In one embodiment, the width of the center signal strip 100 of the CPW and the spacing between the center signal strip 100 and ground conductors 110 were chosen so that the characteristic impedance is close to about 50Ω and the line losses are minimized. The CPW line has the dimensions of Ground-Signal-Ground being 300 μm/100 μm/300 μm for DC-20 GHz on the high resistivity silicon substrate 35. The spacing (S) between the center signal strip 100 and ground conductors 110 is taken as 100 μm and the geometric ratio of the CPW line (k=W/(W+2S)) is equal to 0.333. The device area is approximately 1000 μm by 500 μm. The area of the overlap of the top metal electrode (metal2) 15 and the bottom metallic layer (metal1) 25 can be from 25 μm2 to 1000 μm2.
In one embodiment, a network analyzer and an on-wafer microwave probe station were used to measure the scattering parameters (S parameters) of the capacitive test structure. The setup used to measure the S parameters was a two-port network, with one port at each end of the signal line 100 of the top metal electrode (metal2) 15. A two-port network yields a 2×2 matrix of S parameters that relate the reflected waves (or voltages) to the incident waves (or voltages). The procedure for the experimental determination of S parameters used the following steps. First, the network analyzer and probe station were calibrated to the device over the frequency range of interest (1-20 GHz) using a Line-Reflect-Reflect-Match (LRRM) calibration as known in the art. Then, the DC bias voltage was applied to the signal lead of the probe (when applicable). Finally, the S parameters were recorded and saved. These S parameters helped determine the exact values in the electrical model. The measurements can be extended to higher frequencies up to about 100 GHz. In addition, measurements can be performed at various sample temperatures using a thermal chuck.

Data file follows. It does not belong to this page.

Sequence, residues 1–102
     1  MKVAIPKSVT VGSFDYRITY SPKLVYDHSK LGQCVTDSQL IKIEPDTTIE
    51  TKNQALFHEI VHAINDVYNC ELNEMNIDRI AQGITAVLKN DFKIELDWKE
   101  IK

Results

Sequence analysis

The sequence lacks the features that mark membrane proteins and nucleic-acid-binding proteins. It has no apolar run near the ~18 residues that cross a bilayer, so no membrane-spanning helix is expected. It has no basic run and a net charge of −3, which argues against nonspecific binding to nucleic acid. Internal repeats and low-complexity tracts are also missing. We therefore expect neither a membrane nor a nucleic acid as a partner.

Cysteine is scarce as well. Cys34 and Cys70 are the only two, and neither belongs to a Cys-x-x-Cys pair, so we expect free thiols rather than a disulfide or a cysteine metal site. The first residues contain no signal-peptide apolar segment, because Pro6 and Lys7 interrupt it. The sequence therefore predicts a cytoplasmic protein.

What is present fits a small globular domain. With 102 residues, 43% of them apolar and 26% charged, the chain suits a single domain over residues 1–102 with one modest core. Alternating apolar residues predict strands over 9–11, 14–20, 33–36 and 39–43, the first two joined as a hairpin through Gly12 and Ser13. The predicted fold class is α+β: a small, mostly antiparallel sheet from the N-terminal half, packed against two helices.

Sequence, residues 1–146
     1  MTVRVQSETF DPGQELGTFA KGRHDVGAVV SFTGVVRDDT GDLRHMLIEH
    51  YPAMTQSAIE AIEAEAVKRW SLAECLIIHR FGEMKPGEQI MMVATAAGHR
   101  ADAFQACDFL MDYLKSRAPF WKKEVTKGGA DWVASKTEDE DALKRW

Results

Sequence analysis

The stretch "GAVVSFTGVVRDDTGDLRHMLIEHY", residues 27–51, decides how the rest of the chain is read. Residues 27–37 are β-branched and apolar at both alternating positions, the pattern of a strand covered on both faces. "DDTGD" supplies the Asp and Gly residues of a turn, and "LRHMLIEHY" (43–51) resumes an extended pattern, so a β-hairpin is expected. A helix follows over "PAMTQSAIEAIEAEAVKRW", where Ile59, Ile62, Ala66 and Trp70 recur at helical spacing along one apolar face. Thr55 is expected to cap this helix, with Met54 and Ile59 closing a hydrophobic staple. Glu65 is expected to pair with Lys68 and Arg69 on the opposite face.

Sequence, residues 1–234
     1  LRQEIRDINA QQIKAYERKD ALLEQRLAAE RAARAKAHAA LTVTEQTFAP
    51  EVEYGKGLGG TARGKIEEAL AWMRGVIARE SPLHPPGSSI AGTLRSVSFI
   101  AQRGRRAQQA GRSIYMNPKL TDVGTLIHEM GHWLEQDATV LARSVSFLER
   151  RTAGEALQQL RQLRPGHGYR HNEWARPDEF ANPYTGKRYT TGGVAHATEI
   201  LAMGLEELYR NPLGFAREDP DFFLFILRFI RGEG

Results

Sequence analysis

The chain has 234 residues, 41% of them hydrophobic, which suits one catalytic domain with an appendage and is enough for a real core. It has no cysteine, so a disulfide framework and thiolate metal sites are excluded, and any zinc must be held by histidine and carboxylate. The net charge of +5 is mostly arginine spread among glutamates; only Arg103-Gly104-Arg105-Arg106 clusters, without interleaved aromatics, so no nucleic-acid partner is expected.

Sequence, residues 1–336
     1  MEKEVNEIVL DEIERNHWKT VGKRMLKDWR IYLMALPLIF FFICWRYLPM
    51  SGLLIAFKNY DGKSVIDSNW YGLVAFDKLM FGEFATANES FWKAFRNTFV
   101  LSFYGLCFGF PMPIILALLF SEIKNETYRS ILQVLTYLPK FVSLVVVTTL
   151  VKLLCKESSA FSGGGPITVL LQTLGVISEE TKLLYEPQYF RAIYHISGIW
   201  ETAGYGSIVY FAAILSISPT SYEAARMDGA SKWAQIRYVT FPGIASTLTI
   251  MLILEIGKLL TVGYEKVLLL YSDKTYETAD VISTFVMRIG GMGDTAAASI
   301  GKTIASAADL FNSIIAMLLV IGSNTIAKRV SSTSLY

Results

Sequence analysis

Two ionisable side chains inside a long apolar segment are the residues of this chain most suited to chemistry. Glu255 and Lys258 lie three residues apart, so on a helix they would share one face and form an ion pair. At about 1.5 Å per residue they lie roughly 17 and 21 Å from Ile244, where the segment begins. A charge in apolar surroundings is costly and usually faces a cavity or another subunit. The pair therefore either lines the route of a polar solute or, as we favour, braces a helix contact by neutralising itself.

The measured S parameters were then imported into the Applied Wave Research, Inc. (AWR) Microwave Office simulation package or a Microsoft Excel worksheet. Using the electrical model for the test structure, as shown in
The electrical circuit model is obtained by shunting the capacitor. The shunt resistance R 430 of the capacitor characterizes the conductance through the polymer thin-film 20 which is determined by the loss-tangent of the polymer thin film 20 and is also a function of electric field and temperature. The capacitance C(V) 420 can be obtained by the standard parallel plate capacitance calculation, with the dielectric permittivity of the polymer thin-film 20 being characterized, and the overlap area 200 of the center signal strip 100 and the shunt line 55. The dielectric constant of the polymer thin film 20 is a function of both the electric field and temperature. The device capacitance C(V) 420 is given by:
C(V)=∈0·∈r ·A/t p (1)
where ∈0 is the dielectric permittivity of free space, ∈r is the dielectric permittivity of the polymer thin film 20 being characterized, A is the area of overlap 200 of the top center signal strip 100 and the shunt conductor 55 within the capacitive test structure, and tp is the thickness of the polymer thin film 20.
Equation 1 can be re-written to directly calculate the dielectric constant, ∈r, from the capacitance from the parallel plate capacitor consisting of the polymer thin film 20 in the active region as Equation 2:
∈r =C(V)t p/∈0 A (2)
The series resistance (Rs) 410 of the shunt conductor line in the bottom metal layer (metal1) 25, where the signal is shunted to ground is calculated using Equation 3:
where, σ is the conductivity of metal used in the top metal electrode (metal2) 25, w is the width of the conductor, l is the length of the line shunting to ground, and t is the thickness of the conductor.
The inductance 400 (L) of the line is calculated using Equation 4:
L=(Z 0/(2πf))sin(2πl/λ g) (4)